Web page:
Implementation of Physical Activity into routine Clinical pracTice in Rheumatic Musculoskeletal Disease: The IMPACT-RMD study protocol and rationale

Research output: Contribution to journalArticle

Authors

  • IMPACT-RMD Consortium

Colleges, School and Institutes

External organisations

  • 5​University of Wolverhampton, Wolverhampton, UK.
  • School of Sport
  • Department of Rheumatology, National Resource Centre for Rehabilitation in Rheumatology, Diakonhjemmet Hospital, Oslo, Norway.
  • ACHIEVE-Center of Applied Research, Faculty of Health, Reade, Center for Rehabilitation and Rheumatology/Amsterdam Rehabilitation Research Center, Amsterdam University of Applied Sciences, Amsterdam, The Netherlands
  • University of Birmingham Microbiome Treatment Centre, University of Birmingham, Birmingham, United Kingdom; Department of Gastroenterology, University Hospital Birmingham, Birmingham, United Kingdom. Electronic address: m.n.quraishi@bham.ac.uk.
  • School of Physical Education and Sport Science, University of Thessaly, Trikala, Greece
  • Health Research Institute, University of Limerick, Limerick V94 T9PX, Ireland.
  • Karolinska University Hospital and Karolinska Institutet, Stockholm
  • University Hospitals Leuven, Campus Gasthuisberg, Leuven, Belgium.
  • King's Digital Lab, King's College London
  • (20) Institute of Cardiovascular and Medical Sciences, University of Glasgow, University Avenue, Glasgow, G12 8QQ, UK
  • Leiden University Medical Center/Medical Center Haaglanden, Leiden/The Hague, Netherlands.
  • Center of Experimental Rheumatology, Department of Rheumatology, University of Zurich
  • Russells Hall Hospital

Abstract

Background: Physical activity is an important intervention for improving disease-related symptoms and systemic manifestations in rheumatic and musculoskeletal disease (RMDs). However, studies suggest that RMD patients report that the lack of individualized and consistent information about physical activity from managing doctors and healthcare professionals, acts as a barrier for engagement. On the other hand, managing doctors and healthcare professionals report lack of knowledge in this area and thus lack of confidence to educate and advise RMD patients about the beneficial effects of physical activity. The aim of the present study therefore, is to develop two e-Learning courses for RMD doctors and health professionals: a) the first one to provide consistent information about the collective benefits of physical activity in RMDs and b) the second on how to implement physical activity advice in routine clinical practice.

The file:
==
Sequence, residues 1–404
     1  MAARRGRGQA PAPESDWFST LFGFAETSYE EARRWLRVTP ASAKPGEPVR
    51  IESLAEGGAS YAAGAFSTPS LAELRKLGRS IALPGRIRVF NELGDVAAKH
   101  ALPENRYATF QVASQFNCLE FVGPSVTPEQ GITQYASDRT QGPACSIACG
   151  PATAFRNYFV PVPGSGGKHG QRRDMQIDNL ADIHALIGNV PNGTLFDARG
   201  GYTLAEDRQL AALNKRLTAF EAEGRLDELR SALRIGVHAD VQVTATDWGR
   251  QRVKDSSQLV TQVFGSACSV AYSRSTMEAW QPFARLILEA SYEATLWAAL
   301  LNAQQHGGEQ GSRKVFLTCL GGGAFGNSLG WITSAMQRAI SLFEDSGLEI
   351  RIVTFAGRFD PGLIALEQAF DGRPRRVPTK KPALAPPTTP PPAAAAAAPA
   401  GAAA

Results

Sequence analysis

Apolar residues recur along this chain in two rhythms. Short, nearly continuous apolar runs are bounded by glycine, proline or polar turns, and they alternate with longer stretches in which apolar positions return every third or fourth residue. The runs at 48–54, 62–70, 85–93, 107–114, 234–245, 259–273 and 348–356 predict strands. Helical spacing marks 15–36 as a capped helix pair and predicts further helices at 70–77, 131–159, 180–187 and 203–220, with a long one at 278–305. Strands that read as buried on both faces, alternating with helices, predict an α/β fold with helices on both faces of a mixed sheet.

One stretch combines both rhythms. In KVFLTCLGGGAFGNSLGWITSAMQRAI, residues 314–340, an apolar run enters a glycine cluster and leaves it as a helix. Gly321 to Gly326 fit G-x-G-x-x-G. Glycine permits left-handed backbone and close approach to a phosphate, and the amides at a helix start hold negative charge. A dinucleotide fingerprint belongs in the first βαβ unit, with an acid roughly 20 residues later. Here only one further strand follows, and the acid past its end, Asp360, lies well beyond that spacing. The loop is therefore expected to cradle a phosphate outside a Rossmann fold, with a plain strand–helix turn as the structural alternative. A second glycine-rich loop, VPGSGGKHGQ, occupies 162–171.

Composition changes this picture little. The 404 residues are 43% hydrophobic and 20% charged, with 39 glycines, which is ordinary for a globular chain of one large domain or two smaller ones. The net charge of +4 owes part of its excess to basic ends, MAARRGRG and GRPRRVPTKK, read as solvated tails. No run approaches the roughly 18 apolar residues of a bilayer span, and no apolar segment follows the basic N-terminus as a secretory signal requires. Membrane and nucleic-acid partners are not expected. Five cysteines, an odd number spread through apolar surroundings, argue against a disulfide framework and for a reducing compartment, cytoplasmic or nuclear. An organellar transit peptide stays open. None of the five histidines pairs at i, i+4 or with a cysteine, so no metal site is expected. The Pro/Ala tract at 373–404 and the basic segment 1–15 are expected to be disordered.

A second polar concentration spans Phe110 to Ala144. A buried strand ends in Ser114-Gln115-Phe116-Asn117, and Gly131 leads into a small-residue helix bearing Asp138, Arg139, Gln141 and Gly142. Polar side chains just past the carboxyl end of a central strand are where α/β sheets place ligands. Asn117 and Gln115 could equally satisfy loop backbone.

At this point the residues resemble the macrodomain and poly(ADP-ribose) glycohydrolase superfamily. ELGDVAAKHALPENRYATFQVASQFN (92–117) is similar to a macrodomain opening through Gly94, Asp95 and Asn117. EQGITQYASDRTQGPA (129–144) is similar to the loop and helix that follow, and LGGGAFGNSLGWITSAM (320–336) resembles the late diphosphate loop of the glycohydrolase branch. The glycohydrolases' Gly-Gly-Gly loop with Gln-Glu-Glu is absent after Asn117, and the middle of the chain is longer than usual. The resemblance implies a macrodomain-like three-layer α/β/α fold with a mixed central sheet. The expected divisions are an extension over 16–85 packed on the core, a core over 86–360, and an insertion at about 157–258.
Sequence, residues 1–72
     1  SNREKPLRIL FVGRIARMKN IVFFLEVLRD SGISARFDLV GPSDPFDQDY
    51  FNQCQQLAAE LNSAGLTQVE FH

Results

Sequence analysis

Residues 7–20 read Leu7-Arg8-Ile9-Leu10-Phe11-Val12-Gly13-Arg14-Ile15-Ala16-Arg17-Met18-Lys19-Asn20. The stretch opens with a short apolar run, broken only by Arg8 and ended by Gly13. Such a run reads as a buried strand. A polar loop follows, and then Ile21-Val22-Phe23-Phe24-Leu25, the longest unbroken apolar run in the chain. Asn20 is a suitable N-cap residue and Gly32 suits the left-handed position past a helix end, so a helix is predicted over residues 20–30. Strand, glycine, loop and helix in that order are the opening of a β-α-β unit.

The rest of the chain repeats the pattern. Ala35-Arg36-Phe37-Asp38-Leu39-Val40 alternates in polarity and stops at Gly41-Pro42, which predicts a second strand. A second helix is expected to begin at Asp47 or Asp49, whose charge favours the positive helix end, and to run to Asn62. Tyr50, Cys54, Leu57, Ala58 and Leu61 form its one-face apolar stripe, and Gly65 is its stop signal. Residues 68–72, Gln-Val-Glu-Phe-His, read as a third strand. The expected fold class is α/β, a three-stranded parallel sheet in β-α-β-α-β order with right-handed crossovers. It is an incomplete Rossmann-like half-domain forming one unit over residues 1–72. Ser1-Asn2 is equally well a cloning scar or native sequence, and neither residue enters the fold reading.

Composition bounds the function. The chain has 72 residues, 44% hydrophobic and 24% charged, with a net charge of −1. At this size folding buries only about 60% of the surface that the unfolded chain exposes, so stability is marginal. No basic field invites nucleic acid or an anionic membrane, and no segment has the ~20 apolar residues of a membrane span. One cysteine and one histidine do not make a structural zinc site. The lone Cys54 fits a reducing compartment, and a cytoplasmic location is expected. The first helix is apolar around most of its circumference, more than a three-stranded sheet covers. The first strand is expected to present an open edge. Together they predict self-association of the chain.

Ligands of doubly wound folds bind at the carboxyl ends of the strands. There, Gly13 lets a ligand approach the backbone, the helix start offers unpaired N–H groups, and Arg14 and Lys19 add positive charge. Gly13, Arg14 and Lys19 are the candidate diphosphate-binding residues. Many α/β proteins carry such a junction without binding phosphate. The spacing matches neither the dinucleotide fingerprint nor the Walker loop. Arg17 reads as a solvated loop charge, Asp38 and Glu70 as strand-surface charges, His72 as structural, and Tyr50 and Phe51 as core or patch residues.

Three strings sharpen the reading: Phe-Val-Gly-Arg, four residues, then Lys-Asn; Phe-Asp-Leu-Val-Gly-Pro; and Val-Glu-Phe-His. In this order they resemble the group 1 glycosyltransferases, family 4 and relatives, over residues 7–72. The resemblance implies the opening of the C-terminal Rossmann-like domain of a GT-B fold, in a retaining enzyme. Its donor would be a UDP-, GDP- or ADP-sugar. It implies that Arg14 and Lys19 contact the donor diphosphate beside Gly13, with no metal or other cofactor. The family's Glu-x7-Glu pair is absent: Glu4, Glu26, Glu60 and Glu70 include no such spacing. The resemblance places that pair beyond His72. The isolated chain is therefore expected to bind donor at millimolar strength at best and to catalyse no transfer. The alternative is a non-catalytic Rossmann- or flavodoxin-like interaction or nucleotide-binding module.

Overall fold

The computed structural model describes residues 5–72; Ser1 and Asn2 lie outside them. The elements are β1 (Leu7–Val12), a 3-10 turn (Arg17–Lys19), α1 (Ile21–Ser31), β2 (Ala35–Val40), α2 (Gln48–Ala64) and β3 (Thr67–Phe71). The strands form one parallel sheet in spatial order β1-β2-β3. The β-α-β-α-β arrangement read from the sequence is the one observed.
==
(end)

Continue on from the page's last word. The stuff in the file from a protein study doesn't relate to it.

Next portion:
Methods: An international collaboration of seven countries, consisting of one academic institution and one patient organization from each country, will co-develop the two e-Learning courses. The final e-Learning courses will primarily target to improve - through physical activity advice - RMD symptoms which are important for patients.

Discussion: The main result of this study will be to co-develop two e-Learning courses that can be used by managing RMD doctors and healthcare professionals to be made aware of the overall benefits of physical activity in RMDs as well as how to implement physical activity advise within their practice.

Bibliographic note

© 2019 The Mediterranean Journal of Rheumatology (MJR).

Details

Original languageEnglish
Pages (from-to)231-236
Number of pages6
JournalMediterranean Journal of Rheumatology
Volume30
Issue number4
Publication statusPublished - Dec 2019